Submitted to: Soil Science Society of America Journal
Publication Type: Peer Reviewed Journal
Publication Acceptance Date: 4/23/1997
Publication Date: N/A
Citation: N/A Interpretive Summary: Sustaining irrigated agriculture requires controlling rootzone salinity as well as maintaining a favorable water content and ion composition for plant growth. Evaluating the effects of management changes on drainage water composition and volume is also required. The complexity of the processes involved requires development of computer models to aid decision makers. In this paper we describe the development of the UNSATCHEM model which is designed to prediction water transport and major ion and boron chemistry under dynamic conditions. The model includes several unique features including prediction of the soil gas phase composition, consideration of the adverse effect of sodicity and high pH on soil hydraulic properties, and prediction of the reduction in water consumption by plants under water, salt or oxygen stress. A user friendly Windows based interface is included for parameter input and graphic display of output. The model is well suited for assessing water quality for irrigation including cyclic use of different water qualities and reclamation of soils high in salinity, sodicity or boron In addition to applications related to agriculture, the model provides a more realistic simulation of soil and ground water solution composition as well as for simulations of carbonate redistribution and/or climate change with time. Examples are given to demonstrate the utility of the model for prediction of major ion composition.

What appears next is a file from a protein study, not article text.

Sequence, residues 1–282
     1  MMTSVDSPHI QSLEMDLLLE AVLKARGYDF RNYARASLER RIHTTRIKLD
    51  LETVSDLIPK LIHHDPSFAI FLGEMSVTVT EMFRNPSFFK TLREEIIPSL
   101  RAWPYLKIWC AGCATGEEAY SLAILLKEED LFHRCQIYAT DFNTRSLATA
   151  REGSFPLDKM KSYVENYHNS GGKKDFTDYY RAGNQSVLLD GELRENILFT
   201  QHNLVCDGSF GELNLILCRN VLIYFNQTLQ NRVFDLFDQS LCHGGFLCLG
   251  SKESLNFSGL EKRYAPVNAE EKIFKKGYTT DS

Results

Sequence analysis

Technical Abstract: This model we couple one dimensional unsaturated water and solute transport with a major ion chemistry routine, and plant water uptake. The model is developed for predicting major ion chemistry in the soil zone and in recharge to ground water. The model has several unique features, including expressions relating reductions in hydraulic conductivity to chemical factors, prediction of CO2 partial pressure in the rootzone based on a CO2 production, multiphase transport submodel, kinetic expressions for silicate weathering and calcite precipitation dissolution and dolomite dissolution, B adsorption using the constant capacitance model and the option to use Pitzer ion interaction expressions for high ionic strength. The chemical submodel considers equilibrium ion exchange,as well as various equilibrium and kinetic expressions for precipitation and dissolution of soil minerals, including gypsum, Mg carbonates, and sepiolite. The use of a predictive submodel for CO2 production and transport allows for the calculation of carbon dioxide concentrations with depth and time. This avoids the assumption of constant CO2 distribution or constant pH, which is required by previous models. Use of kinetic expressions for carbonate chemistry allows for a more realistic simulation of soil and ground water solution composition as well as for simulations of carbonate redistribution and/or climatic change with time.